If Skyler is too wan a character to exist as the show’s emotional center, another popular idea is even less sustainable: the thought that Jesse represents the show’s conscience. As the series progresses, the writers draw an increasing contrast between Walt’s ruthlessness and Jesse’s pangs of self-loathing over their misdeeds. But Jesse moves from one unsavory master to another—Walt, then drugs, then Jane, then Mike—and those masters almost always push him toward the unethical choice. Walt acts; Jesse only frets. There is no figure in Breaking Bad who can match Walt in force and charisma in the way that, for instance, The Shield postulated its elegant, ever-shifting hands/head/heart triangle with Vic, Dutch, and Claudette. Fans who cling to Walt even now as Breaking Bad’s hero are not so much misreading the show as reacting to a crucial imbalance. For its moral calculus to work properly,Breaking Bad needs Skyler and Jesse to equal Walt in stature. They never do. 

When he meets Lydia in her favorite, awkward café, Todd sips tea and suggests that the two of them make a “good team.” He’s not wrong. Sure, one is high-strung and the other has the vibrant, inner emotional life of a cinder block, but they’re ideal co-conspirators: 92 percent purity, 100 percent avarice. The market decides what’s best for both of them; anything that gets in the way, be it a Czech tariff or a single mom, is what soldiers call collateral damage and what capitalists call a write-off.

Breaking Bad Season 5, Episode 15 Recap: Waiting Out the End in ‘Granite State’

1. Breaking Bad is so insanely great.

2. I adore Grantland’s writing.

Sartre wrote “Hell is other people,” but sometimes one man is more than capable of being his own worst enemy.
themayonegg:

Meanwhile …

themayonegg:

Meanwhile …

Source: themayonegg

Instagram by Aaron Paul (glassofwhiskey) with the caption “*Spoiler Alert #BreakingBad”

Instagram by Aaron Paul (glassofwhiskey) with the caption “*Spoiler Alert #BreakingBad”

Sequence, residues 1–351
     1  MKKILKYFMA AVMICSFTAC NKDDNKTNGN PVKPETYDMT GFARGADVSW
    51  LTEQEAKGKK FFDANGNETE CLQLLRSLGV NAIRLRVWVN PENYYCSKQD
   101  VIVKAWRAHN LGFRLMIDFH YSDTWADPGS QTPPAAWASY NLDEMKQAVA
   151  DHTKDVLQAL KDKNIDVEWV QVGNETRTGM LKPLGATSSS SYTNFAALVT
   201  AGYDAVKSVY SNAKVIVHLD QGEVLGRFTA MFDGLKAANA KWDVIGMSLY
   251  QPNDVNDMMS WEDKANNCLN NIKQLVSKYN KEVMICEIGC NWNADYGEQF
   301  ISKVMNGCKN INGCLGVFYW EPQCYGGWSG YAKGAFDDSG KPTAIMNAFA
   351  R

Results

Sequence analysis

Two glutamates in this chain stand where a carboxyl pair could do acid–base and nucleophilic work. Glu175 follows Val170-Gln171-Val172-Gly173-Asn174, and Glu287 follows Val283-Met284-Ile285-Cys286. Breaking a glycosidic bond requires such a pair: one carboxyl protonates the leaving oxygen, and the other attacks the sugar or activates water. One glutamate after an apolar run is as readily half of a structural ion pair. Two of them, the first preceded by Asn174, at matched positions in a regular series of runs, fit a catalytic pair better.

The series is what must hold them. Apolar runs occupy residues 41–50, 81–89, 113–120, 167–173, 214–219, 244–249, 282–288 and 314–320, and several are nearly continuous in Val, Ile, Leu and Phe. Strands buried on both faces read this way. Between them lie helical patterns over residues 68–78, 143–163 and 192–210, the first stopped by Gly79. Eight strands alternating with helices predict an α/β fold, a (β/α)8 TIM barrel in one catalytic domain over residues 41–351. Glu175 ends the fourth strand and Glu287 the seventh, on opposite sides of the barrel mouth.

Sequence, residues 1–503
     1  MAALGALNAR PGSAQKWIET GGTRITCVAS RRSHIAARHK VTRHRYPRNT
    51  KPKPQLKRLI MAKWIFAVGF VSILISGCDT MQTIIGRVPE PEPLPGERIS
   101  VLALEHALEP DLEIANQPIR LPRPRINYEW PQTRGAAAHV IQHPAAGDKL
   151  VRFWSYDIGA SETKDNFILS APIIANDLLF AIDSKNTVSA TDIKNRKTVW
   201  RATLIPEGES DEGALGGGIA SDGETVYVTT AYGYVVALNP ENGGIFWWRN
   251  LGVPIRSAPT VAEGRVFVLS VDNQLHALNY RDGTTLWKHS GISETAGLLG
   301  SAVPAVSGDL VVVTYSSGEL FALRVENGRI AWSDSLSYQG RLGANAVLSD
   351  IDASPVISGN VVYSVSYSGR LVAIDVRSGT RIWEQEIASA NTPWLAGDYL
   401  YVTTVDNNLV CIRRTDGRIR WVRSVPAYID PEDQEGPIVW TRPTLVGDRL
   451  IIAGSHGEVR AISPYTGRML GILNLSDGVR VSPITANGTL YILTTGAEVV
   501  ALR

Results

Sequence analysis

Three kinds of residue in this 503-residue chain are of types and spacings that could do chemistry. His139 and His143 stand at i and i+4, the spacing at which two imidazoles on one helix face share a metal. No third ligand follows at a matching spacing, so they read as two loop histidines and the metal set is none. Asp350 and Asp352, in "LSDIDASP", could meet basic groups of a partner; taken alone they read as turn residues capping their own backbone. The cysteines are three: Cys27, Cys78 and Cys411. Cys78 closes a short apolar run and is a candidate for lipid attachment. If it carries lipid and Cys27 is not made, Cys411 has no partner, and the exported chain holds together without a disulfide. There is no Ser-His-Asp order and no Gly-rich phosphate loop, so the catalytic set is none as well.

… we were wondering if maybe this isn’t an Old Yeller type situation.
goddamn Saul

Source: tommymerlyyn

reconnoitre:

ardenashley:

destronomics:

The Skyler White EffectThe cognitive dissonance that happens when a female character is presented by the narrative as absolutely correct in their judgment of a male character, and yet the viewers assume she’s the bitch.

This.

I have to say, I continue to be disappointed by Skyler White. I mean, you just know she is WAY stronger than she’s letting on - in fact I admire her restraint. But I keep waiting for her inner Sarah Connor to be unleashed and it hasn’t been and she just seems so…constipated. 
She needs to get in touch with her inner bitch, because right now she just seems cunty.

I dislike Skyler just as much as I dislike Walter. If that’s an opinion that makes me some mansplaining-misogynist, then oh well.
Horrible people. All of ‘em… Skyler, Walter, misogynists, people who use the word “mansplaining.”
I’m on team Jesse. Or Hank.

reconnoitre:

ardenashley:

destronomics:

The Skyler White Effect
The cognitive dissonance that happens when a female character is presented by the narrative as absolutely correct in their judgment of a male character, and yet the viewers assume she’s the bitch.

This.

I have to say, I continue to be disappointed by Skyler White. I mean, you just know she is WAY stronger than she’s letting on - in fact I admire her restraint. But I keep waiting for her inner Sarah Connor to be unleashed and it hasn’t been and she just seems so…constipated. 

She needs to get in touch with her inner bitch, because right now she just seems cunty.

I dislike Skyler just as much as I dislike Walter. If that’s an opinion that makes me some mansplaining-misogynist, then oh well.

Horrible people. All of ‘em… Skyler, Walter, misogynists, people who use the word “mansplaining.”

I’m on team Jesse. Or Hank.

Source: destronomics